Home » 10th Class » Essay on “Freedom is the birth-right of man” Complete Essay for Class 10, Class 12 and Graduation and other classes.

Essay on “Freedom is the birth-right of man” Complete Essay for Class 10, Class 12 and Graduation and other classes.


Freedom is the birth-right of man


Freedom is the birth right of man. Life is reduced to a meaningless drift towards and end if man does not enjoy freedom. Freedom of speech helps in the development of the personality of man, his ideologies are trimmed into a shape, his ideas have a better flowering. Till a person speaks out his mind his thinking remains choked; appreciation of his point of view encourage him to think whereas opposition sharpens intellect and consolidates correct thinking. Community life demands an exchange of views or sharing of grief – “Where people sit and hear each other’s groan” – and joys. If society is to adopt a democratic set up, everyone should be allowed to express his point of view. Similarly freedom to act, move and associate gives not only psychological satisfaction by satisfying his personal ego but also a sense of individuality. Man unconsciously or consciously merges his personal self with the social self but even this is goaded by the desire to be secure. It is quite clear that freedom does not mean licence, it cannot encroach and should not encroach upon the freedom of others. Sacrifices will have to be made for the society as a whole. Man, while living in society, does not ignore his selfish interests though in the larger interests he has to subordinate those interests. In fact rights imply duties and freedom for social being is limited by the interests of others. Absence of freedom makes one to consider oneself nothing more than dumb driven cattle and loses the power to think and act.

Despite this, man is in chains. One of the political thinkers points out that the very existence of state is the negation of liberty. Laws bind man and some of them confer no positive right. `Keep to the left’ is a traffic rule which is observed because it is a matter of convenience; Hindu Marriage Act is the recognition of an established custom of society. These and many other laws, place curbs on activities, which do not encroach upon the freedom of others. The governments make use of emergency laws to stifle freedom. They can declare emergency whenever there is war or threat of war whereas the latter always persists in this age of tension. In a state of emergency in India even fundamental rights can be suspended. How can we say that governments can guard the freedom of the individuals? The minds of the people are stuffed with the views of the party in power. Marx correctly said that the prevailing ideas are the ideas of the ruling class. When a particular philosophy is hammered into the brains, it becomes convenient for the people to adopt it and suspend their original thinking. Distorted news, suppressed facts and prejudiced opinions leave no scope, for the people at large, to utilise their own power to think. Is it possible to enjoy freedom of speech when we do not have conditions which may permit its proper exercise? Otherwise also, we cannot come to a final point of view till all the facts, in their stark nakedness, are  not available to us. But no government or authority, howsoever democratic it may be, can afford to present facts in their proper perspective. They mislead the people in order to keep themselves in power. Freedom under such circumstances becomes almost meaningless, and hollow though it may have a sweet ring about it.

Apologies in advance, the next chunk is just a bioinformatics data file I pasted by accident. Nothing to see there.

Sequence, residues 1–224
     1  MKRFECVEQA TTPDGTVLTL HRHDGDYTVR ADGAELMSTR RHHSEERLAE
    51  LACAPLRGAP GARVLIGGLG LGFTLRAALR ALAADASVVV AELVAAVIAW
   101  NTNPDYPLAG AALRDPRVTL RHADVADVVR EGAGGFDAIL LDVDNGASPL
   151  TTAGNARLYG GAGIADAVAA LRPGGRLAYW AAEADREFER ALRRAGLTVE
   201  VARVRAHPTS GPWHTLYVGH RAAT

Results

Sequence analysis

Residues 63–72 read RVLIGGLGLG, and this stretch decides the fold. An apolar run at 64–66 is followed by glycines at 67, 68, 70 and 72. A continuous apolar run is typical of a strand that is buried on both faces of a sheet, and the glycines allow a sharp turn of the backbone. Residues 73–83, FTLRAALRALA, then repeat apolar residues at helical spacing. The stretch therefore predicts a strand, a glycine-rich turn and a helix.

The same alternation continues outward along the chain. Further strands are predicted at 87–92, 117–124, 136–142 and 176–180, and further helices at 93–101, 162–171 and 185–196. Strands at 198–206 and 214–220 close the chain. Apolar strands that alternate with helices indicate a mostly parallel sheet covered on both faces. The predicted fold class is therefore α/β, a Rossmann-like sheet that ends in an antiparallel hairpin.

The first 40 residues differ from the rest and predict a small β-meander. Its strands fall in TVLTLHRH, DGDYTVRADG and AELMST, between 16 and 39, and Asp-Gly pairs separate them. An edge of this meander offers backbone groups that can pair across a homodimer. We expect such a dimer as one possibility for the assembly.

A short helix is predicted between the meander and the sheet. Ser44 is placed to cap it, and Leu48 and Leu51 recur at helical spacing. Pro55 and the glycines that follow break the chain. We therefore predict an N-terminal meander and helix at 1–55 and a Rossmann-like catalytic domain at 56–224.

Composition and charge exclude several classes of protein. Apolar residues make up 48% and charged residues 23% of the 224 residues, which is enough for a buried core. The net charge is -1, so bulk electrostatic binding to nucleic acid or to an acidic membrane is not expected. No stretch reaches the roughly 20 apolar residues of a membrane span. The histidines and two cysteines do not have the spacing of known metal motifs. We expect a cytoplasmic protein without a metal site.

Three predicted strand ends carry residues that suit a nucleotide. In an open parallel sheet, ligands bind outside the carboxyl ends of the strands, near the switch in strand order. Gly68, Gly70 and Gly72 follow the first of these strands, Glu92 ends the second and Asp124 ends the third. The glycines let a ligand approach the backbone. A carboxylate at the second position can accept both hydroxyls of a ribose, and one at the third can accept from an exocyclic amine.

Even the freedom to move and associate has no real significance in democratic countries. Every ruling party has its own ideology and, unfortunately, that is considered to be the only recipe for the prevalent ills in that society. It is no exaggeration if we say that the whole super-structure of political and social life centres round those ideologies and party which propagates them sticks to them fanatically. This is a subtle way of making people intellectual slaves. Opposition to these ideologies is branded treason and anti-national activity. Under such circumstances no person is allowed to have nay alliance with the other camp. A capitalist in a communist country cannot be tolerated and a theocrat in a secular state is an outcaste. Evidently political affiliations have to be selective and are determined by the ideologies of the ruling party. Freedom to associate and move cannot be sans bounds. It is always limited and people are chained down to the political manifestoes even if they are just catchy and nothing more.